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Kennedy clan member Michael Skakel might have won after all, even though finally convicted in 2002 for the 1975 murder of his then teenaged neighbor Martha Moxley. Although currently serving a 20 years to life sentence, Skakel will be eligible for parole in 2013. The Moxley murder case garnered nationwide attention after court and society observer Dominick Dunne and former police investigator Mark Fuhrman both wrote books that helped bring the case back to the attention of authorities. Although consistently appealing his case since 2002, Skakel lost his last appeal before the Connecticut Supreme Court this past Monday, April 12.
According to the Associated Press, Skakel will be eligible for parole in just three years, due to his good behavior in prison and participation in programs such as the prison art program. The state policies which gave credit for such things was eliminated in 1994, but the parole regulations which govern his case are those in effect at the time the crime was committed. The AP does not report whether the prosecution could or did make an argument that Skakel should not receive the benefit of the more lenient rules simply because he successfully avoided conviction for nearly 30 years.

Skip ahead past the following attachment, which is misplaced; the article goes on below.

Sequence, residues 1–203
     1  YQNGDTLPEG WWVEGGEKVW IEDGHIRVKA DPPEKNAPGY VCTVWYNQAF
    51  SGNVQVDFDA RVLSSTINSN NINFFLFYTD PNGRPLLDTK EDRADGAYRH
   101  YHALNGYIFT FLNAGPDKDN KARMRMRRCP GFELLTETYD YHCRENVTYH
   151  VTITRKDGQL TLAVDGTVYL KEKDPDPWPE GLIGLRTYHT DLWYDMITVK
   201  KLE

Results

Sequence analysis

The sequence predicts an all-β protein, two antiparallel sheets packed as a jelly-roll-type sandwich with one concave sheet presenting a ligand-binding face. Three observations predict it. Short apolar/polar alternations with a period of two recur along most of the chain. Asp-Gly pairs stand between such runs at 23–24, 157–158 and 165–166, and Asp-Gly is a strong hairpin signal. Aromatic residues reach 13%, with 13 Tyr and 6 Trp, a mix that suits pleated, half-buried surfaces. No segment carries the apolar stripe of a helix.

The AP reports the initial parole hearing could begin in as little as 18 months as they are often held 18 months before the first parole eligibility date. Not only will Skakel's prison record be taken into account, but other issues such as the victim impact statement will be reviewed by the parole board.
Martha Moxley's brother, John Moxley, tells the AP he will oppose the parole. "There's been no remorse," Moxley said. "There's been no taking accountability. There's been nothing to suggest that imprisonment has changed his mindset or the mindset of the family." However, Skakel will retain one other benefit from the many years that have passed since the crime was committed. It will not be hard for his attorneys to argue that due to the many years that passed since the original crime, he is unlikely to re-offend notes Jeffrey Meyer, a Quinnipiac University law professor who has written about Connecticut's parole laws.
Skakel is still pursuing other legal avenues. He plans another appeal based on ineffective assistance of counsel at trial.
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